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Related In: Results  -  Collection

License
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Figure 1: An overview of pseudogene functions. (A–E) Parental gene-related functions of pseudogenes (left). (A) Pseudogenes and parental genes can exchange genomic DNA through gene conversion or homologous recombination. The pseudogene promoter can also affect the transcription of the parental gene. (B) Pseudogene RNA transcribed in sense and antisense orientation can affect the transcription of the parental gene at the epigenetic level. (C) Pseudogene sense and antisense transcripts can form a double-stranded RNA that is cleaved into endogenous siRNAs. In turn, esiRNAs affect the parental gene expression at the post-transcriptional level. (D) Pseudogene RNA transcribed in sense orientation can compete with parental mRNA for the binding of microRNAs, RNA-binding proteins (RBPs), or the translational machinery. (E) Pseudogene proteins can be highly homologous to parental proteins, but be expressed in a different context (tissue, cellular compartment, pathophysiological condition). They can also carry gain-of-function mutations. Finally, they may affect the function of the parental proteins even if they are not fully functional. (F–H) Parental gene-unrelated functions of pseudogenes (center). (F) The de novo acquisition of new exons at either side (processed pseudogenes) or in the middle (non-processed pseudogenes) of their genomic sequence contributes to distinguishing the sequence, and hence the function, of pseudogenes compared to that of their parental genes. (G) Pseudogene RNA transcribed in antisense orientation can affect the stability of the sense pseudogenic transcript. (H) Pseudogene RNAs can be matured into microRNAs or translated into antigenic peptides. (I–K) Parental gene-unrelated functions of pseudogenes (right). (I) The “landing” of a processed pseudogene within other genes can produce several different scenarios. If the insertion site is an upstream intron, then the processed pseudogene will be cotranscribed with its host gene as a non-coding fusion transcript. If a protein is eventually translated, then it will most likely be short and contain only the pseudogene sequence. Pseudogenes inserted in upstream introns can also affect the transcription of the host gene by epigenetic silencing. If the insertion site is a more downstream intron, then the processed pseudogene will be cotranscribed with its host gene as a coding fusion transcript and the translated protein will be a chimera that is composed of both the gene and the pseudogene sequence. If the insertion site is in a 3′-UTR-expressing exon, then the fusion transcript will display an altered post-transcriptional regulation. If the pseudogene lands in a coding exon, the result will be insertional mutagenesis that will likely abrogate the expression of the host gene. (J) Pseudogenes and adjacent genes can be transcribed into joint read-through transcripts and translated into chimerical proteins. (K) Pseudogene RNAs working as source of esiRNAs or as sponges can also affect other unrelated genes besides the parental genes. The DNA/RNA/protein of a representative pseudogene, parental gene, and unrelated gene are shown in red, blue, and green, respectively. For a detailed overview of parental gene-related and unrelated functions of pseudogenes, please refer to Ref. (7) with updates reported in Ref. (9–18). For a list of the pseudogenes that function as sponges for microRNAs (a.k.a. competing endogenous RNAs) in cancer, please refer to Table 1.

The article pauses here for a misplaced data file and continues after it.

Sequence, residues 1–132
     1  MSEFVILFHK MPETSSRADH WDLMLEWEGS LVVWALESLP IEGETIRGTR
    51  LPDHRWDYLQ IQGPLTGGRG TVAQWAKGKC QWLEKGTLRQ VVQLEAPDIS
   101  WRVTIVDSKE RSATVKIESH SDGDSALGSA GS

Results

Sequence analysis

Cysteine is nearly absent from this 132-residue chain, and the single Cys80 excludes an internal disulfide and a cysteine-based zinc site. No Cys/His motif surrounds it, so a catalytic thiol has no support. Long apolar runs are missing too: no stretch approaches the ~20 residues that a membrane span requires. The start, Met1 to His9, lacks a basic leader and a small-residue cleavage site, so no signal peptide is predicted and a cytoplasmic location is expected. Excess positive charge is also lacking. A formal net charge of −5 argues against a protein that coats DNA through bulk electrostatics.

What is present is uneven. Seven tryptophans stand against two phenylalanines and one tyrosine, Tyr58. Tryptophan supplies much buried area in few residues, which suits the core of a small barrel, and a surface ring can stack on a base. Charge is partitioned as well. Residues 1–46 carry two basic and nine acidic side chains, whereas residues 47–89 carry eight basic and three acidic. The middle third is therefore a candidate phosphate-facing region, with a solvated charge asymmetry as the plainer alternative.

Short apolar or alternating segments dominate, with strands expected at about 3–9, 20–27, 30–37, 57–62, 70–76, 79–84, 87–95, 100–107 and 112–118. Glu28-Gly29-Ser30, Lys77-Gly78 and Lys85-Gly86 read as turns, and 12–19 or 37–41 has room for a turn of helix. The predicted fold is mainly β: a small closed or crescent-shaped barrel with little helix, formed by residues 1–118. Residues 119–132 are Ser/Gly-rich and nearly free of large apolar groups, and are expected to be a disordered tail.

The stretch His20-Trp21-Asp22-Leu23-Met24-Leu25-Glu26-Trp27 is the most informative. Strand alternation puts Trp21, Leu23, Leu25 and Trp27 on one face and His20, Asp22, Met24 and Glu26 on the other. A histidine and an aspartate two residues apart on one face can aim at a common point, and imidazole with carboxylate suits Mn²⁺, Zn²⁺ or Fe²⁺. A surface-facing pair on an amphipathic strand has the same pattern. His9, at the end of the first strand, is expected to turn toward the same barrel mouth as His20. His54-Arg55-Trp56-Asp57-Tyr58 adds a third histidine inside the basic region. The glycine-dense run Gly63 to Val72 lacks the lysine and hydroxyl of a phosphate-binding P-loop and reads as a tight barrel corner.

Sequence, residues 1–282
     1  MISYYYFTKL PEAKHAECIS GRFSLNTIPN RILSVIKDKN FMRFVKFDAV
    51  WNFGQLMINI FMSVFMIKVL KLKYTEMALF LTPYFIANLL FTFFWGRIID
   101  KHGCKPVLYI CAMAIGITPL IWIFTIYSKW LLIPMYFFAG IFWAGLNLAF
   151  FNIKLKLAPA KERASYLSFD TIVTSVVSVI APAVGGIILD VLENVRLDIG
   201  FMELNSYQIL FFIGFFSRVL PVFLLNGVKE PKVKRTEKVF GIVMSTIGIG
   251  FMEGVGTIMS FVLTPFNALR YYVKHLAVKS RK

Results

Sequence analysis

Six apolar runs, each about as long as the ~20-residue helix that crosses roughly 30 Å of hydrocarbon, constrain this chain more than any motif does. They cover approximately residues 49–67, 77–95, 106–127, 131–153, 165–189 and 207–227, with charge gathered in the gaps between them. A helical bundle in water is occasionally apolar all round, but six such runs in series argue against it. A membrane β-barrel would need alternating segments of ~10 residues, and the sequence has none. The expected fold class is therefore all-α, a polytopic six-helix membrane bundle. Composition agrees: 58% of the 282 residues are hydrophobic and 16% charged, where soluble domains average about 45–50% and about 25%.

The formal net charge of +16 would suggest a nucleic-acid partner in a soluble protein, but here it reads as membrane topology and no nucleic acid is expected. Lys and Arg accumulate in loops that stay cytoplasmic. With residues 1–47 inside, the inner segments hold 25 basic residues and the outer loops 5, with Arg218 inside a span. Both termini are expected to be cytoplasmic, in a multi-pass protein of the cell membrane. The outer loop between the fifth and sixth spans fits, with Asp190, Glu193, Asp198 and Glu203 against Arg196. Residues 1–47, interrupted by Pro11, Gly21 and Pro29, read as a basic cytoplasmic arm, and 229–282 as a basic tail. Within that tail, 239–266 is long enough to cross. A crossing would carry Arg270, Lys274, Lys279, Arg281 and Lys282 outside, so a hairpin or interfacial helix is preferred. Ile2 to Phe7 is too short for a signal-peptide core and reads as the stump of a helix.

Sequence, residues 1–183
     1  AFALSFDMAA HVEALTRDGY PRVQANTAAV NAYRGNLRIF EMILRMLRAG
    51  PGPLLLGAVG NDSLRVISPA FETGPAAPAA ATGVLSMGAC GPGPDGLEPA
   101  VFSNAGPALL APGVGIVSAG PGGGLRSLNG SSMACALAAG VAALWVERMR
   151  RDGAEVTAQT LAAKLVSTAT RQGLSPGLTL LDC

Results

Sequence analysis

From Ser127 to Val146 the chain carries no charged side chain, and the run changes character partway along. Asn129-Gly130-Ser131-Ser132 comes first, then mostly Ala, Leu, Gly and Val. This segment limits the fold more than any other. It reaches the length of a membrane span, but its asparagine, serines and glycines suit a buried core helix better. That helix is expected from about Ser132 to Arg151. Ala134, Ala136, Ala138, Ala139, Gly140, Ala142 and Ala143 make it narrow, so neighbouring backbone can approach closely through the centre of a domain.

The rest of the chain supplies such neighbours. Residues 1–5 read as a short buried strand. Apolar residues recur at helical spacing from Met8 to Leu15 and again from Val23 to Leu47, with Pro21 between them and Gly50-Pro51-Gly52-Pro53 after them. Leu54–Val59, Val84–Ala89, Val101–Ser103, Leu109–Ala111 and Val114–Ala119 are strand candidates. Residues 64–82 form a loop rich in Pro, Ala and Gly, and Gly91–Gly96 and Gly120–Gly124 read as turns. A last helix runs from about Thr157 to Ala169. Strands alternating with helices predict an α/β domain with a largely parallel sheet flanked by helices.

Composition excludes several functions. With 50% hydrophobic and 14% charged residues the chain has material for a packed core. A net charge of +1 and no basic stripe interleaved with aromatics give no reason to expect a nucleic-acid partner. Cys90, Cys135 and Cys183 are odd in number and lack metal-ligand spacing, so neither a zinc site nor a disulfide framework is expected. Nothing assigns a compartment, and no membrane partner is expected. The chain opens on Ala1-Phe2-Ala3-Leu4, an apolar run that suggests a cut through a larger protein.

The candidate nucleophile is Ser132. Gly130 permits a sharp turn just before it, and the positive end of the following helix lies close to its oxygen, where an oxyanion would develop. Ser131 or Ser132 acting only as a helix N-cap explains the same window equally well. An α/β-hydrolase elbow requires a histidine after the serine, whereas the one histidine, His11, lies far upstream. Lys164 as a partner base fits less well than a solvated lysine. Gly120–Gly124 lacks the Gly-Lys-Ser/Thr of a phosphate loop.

Mentions: While the origin of pseudogenes in the human genome and their role during evolution and speciation have been extensively studied for years (6–8), most of the known pseudogene functions have been discovered quite recently in the context of human cancer, where pseudogenic DNA, RNA, and peptides/proteins have been shown to exert parental gene-related and unrelated functions (for an overview, please refer to Figure 1).

Bottom Line: Recent advances in the analysis of RNA sequencing data have shown that pseudogenes are highly specific markers of cell identity and can be used as diagnostic and prognostic markers.Furthermore, genetically engineered mouse models have recently provided compelling support for a causal link between altered pseudogene expression and cancer.In this review, we discuss the most recent milestones reached in the pseudogene field and the use of pseudogenes as cancer classifiers.

View Article: PubMed Central - PubMed

Affiliation: Oncogenomics Unit, Core Research Laboratory, Istituto Toscano Tumori , Pisa , Italy ; Institute of Clinical Physiology, Consiglio Nazionale delle Ricerche , Pisa , Italy.

ABSTRACT
Recent advances in the analysis of RNA sequencing data have shown that pseudogenes are highly specific markers of cell identity and can be used as diagnostic and prognostic markers. Furthermore, genetically engineered mouse models have recently provided compelling support for a causal link between altered pseudogene expression and cancer. In this review, we discuss the most recent milestones reached in the pseudogene field and the use of pseudogenes as cancer classifiers.

No MeSH data available.


Related in: MedlinePlus